Speech Contests

It’s Contest Time! Learn and find eveything you need to compete in, attend, or hold a speech contest.

Why Contests?

Speech contests are a Toastmasters tradition. Each year, we seek to identify and recognize members with outstanding public speaking skills, and ultimately award the title of “World Champion of Public Speaking” to one among our ranks. Besides being fun, it recognizes excellence, inspires our members, and draws attention to our organization.

How do contests work?

It all begins in the Club. Club contest winners (or nominees) advance to and compete in Area Contests.  Area winners advance to Division Contests, and Division winners to the District Contest. District Winners of the International Contest advance to International Levels, for a chance to compete in the World Championship of Public Speaking.

2022 Contest Events

The “International Speech” Contest is held every year. In addition to this, District 33 is holding a Tall Tales contest, and a Spanish Humorous contest.

This year the district speech contests will be held virtually. Each contest is a completely separate event with its own contestants, judges, and so on.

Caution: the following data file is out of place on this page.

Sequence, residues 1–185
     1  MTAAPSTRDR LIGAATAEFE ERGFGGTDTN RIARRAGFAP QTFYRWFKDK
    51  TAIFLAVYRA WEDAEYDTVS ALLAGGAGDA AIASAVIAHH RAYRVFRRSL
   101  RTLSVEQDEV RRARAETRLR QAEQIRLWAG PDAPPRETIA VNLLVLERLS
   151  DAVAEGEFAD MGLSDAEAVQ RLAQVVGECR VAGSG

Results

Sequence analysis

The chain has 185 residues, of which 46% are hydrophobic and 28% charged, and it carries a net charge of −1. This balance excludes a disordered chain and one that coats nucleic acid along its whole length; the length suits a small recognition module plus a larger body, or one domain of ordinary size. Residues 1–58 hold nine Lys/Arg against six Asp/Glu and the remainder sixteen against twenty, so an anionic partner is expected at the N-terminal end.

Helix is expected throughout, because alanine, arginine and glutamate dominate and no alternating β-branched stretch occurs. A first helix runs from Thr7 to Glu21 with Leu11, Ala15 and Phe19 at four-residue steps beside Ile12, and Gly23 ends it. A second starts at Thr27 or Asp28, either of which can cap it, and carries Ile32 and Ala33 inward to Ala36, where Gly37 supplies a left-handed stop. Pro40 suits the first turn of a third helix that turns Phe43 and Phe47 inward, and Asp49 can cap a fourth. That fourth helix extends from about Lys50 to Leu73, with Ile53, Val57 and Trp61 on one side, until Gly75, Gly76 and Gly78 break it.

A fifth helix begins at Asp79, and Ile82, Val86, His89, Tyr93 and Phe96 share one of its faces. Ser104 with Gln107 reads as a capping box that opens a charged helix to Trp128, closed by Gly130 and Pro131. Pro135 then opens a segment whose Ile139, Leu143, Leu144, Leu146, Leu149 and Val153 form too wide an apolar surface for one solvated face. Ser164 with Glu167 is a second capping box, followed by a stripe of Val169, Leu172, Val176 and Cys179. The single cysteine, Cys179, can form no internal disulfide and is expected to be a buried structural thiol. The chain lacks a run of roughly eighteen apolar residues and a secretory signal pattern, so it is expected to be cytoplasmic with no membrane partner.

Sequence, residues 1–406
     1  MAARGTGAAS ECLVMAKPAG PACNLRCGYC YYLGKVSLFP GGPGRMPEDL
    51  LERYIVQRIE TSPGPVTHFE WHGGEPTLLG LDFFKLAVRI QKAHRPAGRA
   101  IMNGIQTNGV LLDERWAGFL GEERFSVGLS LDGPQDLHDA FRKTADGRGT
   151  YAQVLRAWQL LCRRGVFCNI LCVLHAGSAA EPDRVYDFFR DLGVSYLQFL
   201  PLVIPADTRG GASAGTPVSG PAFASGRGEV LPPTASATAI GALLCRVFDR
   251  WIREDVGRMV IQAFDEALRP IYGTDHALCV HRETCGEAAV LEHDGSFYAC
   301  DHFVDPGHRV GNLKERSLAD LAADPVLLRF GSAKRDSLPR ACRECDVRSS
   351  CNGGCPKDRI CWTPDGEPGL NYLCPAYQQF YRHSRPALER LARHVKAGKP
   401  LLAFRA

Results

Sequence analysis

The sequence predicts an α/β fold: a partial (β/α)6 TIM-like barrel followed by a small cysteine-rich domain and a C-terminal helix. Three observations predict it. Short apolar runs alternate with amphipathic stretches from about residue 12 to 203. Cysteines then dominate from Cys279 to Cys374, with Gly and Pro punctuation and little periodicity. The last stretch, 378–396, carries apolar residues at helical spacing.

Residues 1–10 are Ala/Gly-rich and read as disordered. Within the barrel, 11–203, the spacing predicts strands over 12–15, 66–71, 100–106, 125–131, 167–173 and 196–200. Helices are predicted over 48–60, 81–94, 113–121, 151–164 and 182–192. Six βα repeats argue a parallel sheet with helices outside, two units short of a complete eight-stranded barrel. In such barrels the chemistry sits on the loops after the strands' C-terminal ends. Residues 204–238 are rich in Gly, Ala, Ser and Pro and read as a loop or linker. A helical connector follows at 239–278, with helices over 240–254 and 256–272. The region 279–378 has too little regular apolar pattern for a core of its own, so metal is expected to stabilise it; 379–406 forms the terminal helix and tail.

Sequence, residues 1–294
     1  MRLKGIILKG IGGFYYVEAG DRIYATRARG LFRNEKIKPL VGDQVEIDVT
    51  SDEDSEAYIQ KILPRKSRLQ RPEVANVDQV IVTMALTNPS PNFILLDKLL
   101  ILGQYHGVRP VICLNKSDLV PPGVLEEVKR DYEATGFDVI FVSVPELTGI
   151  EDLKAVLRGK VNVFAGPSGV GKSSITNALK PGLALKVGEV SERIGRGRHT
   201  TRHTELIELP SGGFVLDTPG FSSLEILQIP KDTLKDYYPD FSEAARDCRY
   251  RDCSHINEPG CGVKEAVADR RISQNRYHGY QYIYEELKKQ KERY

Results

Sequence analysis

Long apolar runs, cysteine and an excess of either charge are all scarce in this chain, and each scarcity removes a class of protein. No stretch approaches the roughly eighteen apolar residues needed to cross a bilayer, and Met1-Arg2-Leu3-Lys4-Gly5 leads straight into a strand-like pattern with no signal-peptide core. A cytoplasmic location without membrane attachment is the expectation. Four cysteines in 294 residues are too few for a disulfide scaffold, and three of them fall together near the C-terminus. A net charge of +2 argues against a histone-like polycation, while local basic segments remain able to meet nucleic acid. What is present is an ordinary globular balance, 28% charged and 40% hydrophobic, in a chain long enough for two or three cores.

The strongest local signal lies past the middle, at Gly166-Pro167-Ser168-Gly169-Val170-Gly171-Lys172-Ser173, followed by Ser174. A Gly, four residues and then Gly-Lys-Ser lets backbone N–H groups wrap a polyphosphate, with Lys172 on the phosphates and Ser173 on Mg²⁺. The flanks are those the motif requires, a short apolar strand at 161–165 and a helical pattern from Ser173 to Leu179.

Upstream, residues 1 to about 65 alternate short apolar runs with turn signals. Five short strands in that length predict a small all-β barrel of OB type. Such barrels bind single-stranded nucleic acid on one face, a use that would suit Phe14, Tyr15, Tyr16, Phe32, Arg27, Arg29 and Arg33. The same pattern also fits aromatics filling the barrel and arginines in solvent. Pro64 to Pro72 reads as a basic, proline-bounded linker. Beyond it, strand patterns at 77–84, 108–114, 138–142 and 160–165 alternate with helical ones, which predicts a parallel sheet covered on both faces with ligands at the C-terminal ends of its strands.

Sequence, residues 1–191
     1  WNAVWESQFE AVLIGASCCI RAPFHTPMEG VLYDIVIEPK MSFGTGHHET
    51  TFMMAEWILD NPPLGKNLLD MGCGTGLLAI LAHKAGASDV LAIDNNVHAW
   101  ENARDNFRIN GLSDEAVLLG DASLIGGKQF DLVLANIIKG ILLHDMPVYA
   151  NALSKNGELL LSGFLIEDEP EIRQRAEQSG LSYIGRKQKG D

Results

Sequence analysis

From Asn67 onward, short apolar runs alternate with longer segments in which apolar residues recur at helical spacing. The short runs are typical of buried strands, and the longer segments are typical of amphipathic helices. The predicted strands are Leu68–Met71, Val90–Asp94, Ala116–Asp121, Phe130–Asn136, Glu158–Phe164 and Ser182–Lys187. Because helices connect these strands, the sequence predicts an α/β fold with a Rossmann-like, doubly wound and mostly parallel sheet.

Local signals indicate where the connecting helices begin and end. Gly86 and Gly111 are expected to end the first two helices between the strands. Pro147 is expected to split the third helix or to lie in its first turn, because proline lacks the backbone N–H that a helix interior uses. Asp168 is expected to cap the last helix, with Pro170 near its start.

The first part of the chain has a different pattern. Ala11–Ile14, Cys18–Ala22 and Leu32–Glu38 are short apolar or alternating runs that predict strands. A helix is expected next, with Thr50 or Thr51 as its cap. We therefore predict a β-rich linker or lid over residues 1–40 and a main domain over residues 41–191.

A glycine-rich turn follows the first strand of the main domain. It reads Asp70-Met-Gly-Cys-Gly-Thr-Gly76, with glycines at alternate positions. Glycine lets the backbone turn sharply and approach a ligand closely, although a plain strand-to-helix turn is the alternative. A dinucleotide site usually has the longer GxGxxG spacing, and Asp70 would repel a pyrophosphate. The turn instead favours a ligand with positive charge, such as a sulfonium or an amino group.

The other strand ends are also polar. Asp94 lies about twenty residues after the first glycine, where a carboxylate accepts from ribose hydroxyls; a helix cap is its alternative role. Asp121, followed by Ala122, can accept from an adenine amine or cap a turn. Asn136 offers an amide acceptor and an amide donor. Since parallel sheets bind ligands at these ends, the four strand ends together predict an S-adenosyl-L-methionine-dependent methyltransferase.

International Speech

Contestants present a five to seven minute speech on any subject they choose. All districts must conduct this contest.

Tall Tales

Contestants present a three to five minute speech on a topic that is highly-exaggerated and improbable in theme or plot.

Spanish Humorous (Concurso Humorístico)

Contestants present a humorous speech that must be thematic in nature (opening, body, and close), not a monologue (series of one-liners). This event will be held in Spanish.

Los concursantes presentan un discurso humorístico que debe ser de naturaleza temática (inicio, desarrollo y conclusión) y no un monólogo (serie de comentarios ingeniosos o chistes). Este evento se llevará a cabo en español.

Other Types

These types of contests are not being held in District 33 this year.

Humorous

Contestants present a humorous speech that must be thematic in nature (opening, body, and close), not a monologue (series of one-liners).

Evaluation

Contestants observe a five-to seven-minute test speech and then present a two-to three-minute evaluation of the test speech.

Table Topics

An impromptu speech, all contestants are assigned the same topic, told to them when they are introduced by the contest chair.